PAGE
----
GAYAN, Afghanistan — An aftershock shook a hard-hit area in eastern Afghanistan on Friday, two days after an earthquake shook the region, destroying hundreds of mud-brick homes and killing 1,150 people, according to state media.
The Pakistan Meteorological Department reported a magnitude 4.2 earthquake in southeastern Afghanistan that state news agency Bakhtar reported claimed five more lives in Gayan district and injured 11 people.
The country of 38 million people was already in the midst of a spiraling economic crisis that had plunged millions of people into poverty, with more than a million children at risk of severe malnutrition.
Wednesday’s magnitude 6 earthquake that struck overnight as people slept left thousands homeless and brought the country’s needs into focus. Afghanistan remains isolated from the international monetary system, and aid groups lament having to pay local officials with hand-delivered bags of cash as nations refuse to deal directly with the Taliban.
Aid organizations such as the local Red Crescent and the World Food Program intervened to help the most vulnerable families with food and other emergency necessities such as tents and mattresses in Paktika province, the epicenter of the earthquake, and in neighboring Khost province.
Still, residents appeared to be largely alone in dealing with the fallout, as their new Taliban-led government and the international aid community struggle to bring in aid. The poor quality mountain roads leading to the affected areas were made worse by damage and rain. Villagers are burying their dead and digging through the rubble by hand in search of survivors.
The Taliban director of the Bakhtar agency said on Friday that the death toll had risen to 1,150 people from earlier reports of 1,000 dead. Abdul Wahid Rayan said at least 1,600 people were injured.
The United Nations Office for the Coordination of Humanitarian Affairs estimated the death toll at 770 people.
It is unclear how the death toll is being reached, given the difficulties of access and communication with the impacted villages. Any one of the grim tolls would make the quake the deadliest in Afghanistan in two decades.
State media reported that around 3,000 homes were destroyed or seriously damaged. In Gayan district, at least 1,000 homes were damaged by the earthquake. Another 800 houses in the Spera district of Khost province were also damaged.
While modern buildings withstand magnitude 6 earthquakes elsewhere, Afghanistan’s mud-brick homes and landslide-prone mountains make these earthquakes more dangerous.
The roads in the area are so poorly paved and difficult to navigate that some villages in the Gayan district take a full day to reach from Kabul, even though it is only 175 kilometers (110 miles) away.
In villages in the Gayan district visited by Associated Press journalists for hours on Thursday, families who had spent the previous rainy night outdoors lifted pieces of wood from collapsed roofs and lifted stones by hand, searching for missing loved ones. Taliban fighters circulated in vehicles in the area, but only a few were seen helping to dig up the rubble.
There were few signs of heavy equipment – only a tractor was seen being transported. Ambulances circulated, but little other aid to the living was evident. A 6-year-old boy in Gayan cried as he said his parents, two sisters and a brother were all dead. He had fled the ruins of his own home and taken refuge with his neighbors.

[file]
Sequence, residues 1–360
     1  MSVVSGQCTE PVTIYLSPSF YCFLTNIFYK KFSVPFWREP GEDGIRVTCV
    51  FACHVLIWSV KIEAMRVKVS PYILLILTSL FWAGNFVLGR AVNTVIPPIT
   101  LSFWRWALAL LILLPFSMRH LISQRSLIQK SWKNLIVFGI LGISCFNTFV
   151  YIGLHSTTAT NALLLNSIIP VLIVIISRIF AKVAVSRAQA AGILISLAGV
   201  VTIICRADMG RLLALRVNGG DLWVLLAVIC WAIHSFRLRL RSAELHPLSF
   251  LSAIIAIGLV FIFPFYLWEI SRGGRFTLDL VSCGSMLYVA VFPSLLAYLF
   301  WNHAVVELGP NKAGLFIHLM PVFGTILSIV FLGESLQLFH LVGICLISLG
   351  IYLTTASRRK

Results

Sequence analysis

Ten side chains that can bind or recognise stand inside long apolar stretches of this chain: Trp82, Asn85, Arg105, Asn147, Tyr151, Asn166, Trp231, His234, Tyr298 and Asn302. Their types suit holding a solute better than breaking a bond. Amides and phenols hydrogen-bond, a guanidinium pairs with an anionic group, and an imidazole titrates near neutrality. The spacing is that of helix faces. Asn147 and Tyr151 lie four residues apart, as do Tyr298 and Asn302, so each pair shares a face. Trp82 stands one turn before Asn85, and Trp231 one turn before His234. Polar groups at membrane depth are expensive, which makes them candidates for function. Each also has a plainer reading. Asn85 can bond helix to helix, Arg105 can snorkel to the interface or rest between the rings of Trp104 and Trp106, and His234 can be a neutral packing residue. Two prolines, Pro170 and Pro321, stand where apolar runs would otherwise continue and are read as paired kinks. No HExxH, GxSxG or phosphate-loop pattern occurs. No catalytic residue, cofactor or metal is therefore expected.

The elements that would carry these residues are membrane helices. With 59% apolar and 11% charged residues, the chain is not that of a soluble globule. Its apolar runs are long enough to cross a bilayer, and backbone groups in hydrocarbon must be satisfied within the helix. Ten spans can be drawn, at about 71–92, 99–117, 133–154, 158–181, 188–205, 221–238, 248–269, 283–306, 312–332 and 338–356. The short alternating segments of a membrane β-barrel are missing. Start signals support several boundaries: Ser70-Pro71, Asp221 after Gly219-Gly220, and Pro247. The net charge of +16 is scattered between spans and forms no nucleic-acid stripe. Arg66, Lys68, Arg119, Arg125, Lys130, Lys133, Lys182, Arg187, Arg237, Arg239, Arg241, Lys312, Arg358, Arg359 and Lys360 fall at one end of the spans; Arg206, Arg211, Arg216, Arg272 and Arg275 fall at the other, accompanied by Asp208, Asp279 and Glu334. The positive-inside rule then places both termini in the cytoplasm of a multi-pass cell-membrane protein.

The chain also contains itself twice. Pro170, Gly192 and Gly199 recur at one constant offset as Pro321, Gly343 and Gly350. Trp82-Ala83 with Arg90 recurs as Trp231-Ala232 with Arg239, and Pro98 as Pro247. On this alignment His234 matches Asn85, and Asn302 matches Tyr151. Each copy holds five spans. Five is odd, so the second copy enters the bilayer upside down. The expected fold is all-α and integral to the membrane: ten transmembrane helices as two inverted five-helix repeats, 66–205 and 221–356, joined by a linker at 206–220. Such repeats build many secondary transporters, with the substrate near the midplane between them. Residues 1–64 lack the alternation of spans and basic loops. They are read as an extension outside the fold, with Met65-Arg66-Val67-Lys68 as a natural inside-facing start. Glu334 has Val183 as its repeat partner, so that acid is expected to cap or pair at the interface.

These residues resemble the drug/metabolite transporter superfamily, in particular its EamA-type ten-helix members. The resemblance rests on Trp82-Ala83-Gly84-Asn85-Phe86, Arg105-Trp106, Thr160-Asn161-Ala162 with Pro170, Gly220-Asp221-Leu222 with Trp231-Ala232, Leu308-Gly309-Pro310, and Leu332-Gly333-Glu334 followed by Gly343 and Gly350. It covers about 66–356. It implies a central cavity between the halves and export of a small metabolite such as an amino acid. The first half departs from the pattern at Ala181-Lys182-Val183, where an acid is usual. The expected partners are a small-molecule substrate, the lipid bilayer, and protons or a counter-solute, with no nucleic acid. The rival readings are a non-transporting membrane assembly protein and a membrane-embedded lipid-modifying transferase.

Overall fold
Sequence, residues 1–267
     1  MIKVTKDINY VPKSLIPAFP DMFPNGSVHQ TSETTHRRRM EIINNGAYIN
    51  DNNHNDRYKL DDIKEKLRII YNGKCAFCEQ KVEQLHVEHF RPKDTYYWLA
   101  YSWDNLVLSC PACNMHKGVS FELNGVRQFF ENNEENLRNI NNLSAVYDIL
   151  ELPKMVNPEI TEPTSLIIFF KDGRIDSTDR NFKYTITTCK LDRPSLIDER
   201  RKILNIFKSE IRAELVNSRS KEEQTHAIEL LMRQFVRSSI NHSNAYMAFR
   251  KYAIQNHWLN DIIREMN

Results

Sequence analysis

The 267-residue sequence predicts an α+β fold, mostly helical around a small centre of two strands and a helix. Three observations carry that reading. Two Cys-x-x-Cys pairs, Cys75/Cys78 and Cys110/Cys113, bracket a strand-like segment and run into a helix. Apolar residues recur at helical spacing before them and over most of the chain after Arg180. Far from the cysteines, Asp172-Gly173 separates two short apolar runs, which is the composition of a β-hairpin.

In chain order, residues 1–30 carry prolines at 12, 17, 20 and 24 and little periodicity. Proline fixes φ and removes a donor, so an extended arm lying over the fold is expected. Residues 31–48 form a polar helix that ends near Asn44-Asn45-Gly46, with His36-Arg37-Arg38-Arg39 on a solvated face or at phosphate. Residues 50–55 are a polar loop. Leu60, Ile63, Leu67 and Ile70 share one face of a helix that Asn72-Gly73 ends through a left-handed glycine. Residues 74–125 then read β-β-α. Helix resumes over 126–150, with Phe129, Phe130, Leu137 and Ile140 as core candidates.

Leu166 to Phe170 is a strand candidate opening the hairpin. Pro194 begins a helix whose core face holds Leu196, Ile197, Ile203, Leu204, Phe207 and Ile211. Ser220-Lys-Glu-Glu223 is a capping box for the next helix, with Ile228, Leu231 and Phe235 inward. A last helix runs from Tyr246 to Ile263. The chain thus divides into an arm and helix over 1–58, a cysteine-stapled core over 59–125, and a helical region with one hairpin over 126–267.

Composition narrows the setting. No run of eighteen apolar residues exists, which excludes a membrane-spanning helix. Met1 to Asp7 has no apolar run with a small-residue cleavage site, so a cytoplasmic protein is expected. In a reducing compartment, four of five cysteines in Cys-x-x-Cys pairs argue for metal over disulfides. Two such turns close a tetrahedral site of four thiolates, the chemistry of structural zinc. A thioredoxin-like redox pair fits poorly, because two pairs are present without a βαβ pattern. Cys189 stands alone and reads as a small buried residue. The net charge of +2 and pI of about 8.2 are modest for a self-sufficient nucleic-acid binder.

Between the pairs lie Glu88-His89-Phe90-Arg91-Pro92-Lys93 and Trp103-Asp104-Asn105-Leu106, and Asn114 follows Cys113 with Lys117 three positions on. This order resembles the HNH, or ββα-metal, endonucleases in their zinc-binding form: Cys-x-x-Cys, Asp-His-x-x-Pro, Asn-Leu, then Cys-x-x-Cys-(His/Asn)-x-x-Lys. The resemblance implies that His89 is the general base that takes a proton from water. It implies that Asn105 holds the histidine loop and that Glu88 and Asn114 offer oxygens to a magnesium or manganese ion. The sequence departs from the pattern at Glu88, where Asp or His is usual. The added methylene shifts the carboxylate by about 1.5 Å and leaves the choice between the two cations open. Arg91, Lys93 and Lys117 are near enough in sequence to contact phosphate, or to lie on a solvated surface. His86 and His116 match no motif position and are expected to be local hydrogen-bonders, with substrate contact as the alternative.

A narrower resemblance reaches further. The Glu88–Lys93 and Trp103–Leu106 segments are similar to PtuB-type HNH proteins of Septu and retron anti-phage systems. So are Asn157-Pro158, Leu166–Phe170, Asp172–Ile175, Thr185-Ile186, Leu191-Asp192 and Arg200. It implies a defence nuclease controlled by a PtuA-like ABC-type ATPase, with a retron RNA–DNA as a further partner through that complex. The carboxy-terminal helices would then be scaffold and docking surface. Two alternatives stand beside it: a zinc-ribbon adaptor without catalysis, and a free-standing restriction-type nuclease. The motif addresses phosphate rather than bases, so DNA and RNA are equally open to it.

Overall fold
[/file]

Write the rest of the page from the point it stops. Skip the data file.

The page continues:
Many international aid agencies withdrew from Afghanistan when the Taliban took power last August. Those who remain are struggling to bring medical supplies, food and tents to the remote quake-hit area. UN agencies are also facing a $3 billion funding shortfall for Afghanistan this year.
Germany, Norway and several other countries announced that they would send earthquake relief, but stressed that they would only work through UN agencies, not the Taliban, which no government has yet officially recognized. Nations have asked the Taliban to first address human rights issues, particularly the rights and freedoms of Afghan women and girls.
The International Rescue Committee has emergency health teams in the two provinces to provide essential first aid and said it is providing cash support to families who lost their homes and livelihoods in the earthquake. The organization, which has operated in Afghanistan since 1988, is calling for an international roadmap to free up Afghanistan’s foreign exchange reserves.
The Taliban’s takeover of the country last year, as the US prepared to withdraw its troops, prompted the Biden administration to freeze some $9.5 billion the Afghan central bank has in US banks, hampering the new rulers’ efforts. to pay civil servants and import goods.
Trucks of food and other necessities arrived from Pakistan, and planes full of humanitarian aid landed from Iran and Qatar. Humanitarian aid from India and a technical team to the capital, Kabul, to coordinate the delivery of humanitarian assistance. India says its aid will be delivered to a UN agency on the ground and the Afghan Red Crescent.
In Paktika province, the earthquake shook a region of deep poverty, where residents make a living in the few fertile areas between the rugged mountains.
There are projections, cited by the UN and others, that poverty rates could reach 97% of the population and unemployment to 40% this year.
Associated Press writers Rahim Faiez in Islamabad, Pakistan and Aya Batrawy in Dubai, UAE contributed to this report.